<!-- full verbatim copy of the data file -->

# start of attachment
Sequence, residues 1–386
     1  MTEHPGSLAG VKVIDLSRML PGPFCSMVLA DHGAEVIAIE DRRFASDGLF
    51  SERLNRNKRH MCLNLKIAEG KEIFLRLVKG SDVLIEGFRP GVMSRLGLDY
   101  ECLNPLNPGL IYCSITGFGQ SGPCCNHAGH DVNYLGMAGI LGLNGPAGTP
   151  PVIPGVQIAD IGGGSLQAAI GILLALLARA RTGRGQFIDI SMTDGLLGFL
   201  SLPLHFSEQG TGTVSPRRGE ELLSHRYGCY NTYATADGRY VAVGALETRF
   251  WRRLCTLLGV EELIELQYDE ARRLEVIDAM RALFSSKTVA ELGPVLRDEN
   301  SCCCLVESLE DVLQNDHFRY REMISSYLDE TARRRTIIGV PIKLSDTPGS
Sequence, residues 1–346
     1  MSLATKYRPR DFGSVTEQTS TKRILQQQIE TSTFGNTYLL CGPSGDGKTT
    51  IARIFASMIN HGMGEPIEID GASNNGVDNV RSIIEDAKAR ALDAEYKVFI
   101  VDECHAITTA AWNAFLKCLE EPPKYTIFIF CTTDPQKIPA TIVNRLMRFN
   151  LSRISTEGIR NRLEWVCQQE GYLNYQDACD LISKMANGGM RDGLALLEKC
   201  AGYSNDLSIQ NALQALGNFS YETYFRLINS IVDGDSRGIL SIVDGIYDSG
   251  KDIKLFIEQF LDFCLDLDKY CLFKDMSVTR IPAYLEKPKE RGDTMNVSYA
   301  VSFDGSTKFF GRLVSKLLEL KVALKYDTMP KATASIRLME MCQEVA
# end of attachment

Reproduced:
Sequence, residues 1–386
     1  MTEHPGSLAG VKVIDLSRML PGPFCSMVLA DHGAEVIAIE DRRFASDGLF
    51  SERLNRNKRH MCLNLKIAEG KEIFLRLVKG SDVLIEGFRP GVMSRLGLDY
   101  ECLNPLNPGL IYCSITGFGQ SGPCCNHAGH DVNYLGMAGI LGLNGPAGTP
   151  PVIPGVQIAD IGGGSLQAAI GILLALLARA RTGRGQFIDI SMTDGLLGFL
   201  SLPLHFSEQG TGTVSPRRGE ELLSHRYGCY NTYATADGRY VAVGALETRF
   251  WRRLCTLLGV EELIELQYDE ARRLEVIDAM RALFSSKTVA ELGPVLRDEN
   301  SCCCLVESLE DVLQNDHFRY REMISSYLDE TARRRTIIGV PIKLSDTPGS
Sequence, residues 1–346
     1  MSLATKYRPR DFGSVTEQTS TKRILQQQIE TSTFGNTYLL CGPSGDGKTT
    51  IARIFASMIN HGMGEPIEID GASNNGVDNV RSIIEDAKAR ALDAEYKVFI
   101  VDECHAITTA AWNAFLKCLE EPPKYTIFIF CTTDPQKIPA TIVNRLMRFN
   151  LSRISTEGIR NRLEWVCQQE GYLNYQDACD LISKMANGGM RDGLALLEKC
   201  AGYSNDLSIQ NALQALGNFS YETYFRLINS IVDGDSRGIL SIVDGIYDSG
   251  KDIKLFIEQF LDFCLDLDKY CLFKDMSVTR IPAYLEKPKE RGDTMNVSYA
   301  VSFDGSTKFF GRLVSKLLEL KVALKYDTMP KATASIRLME MCQEVA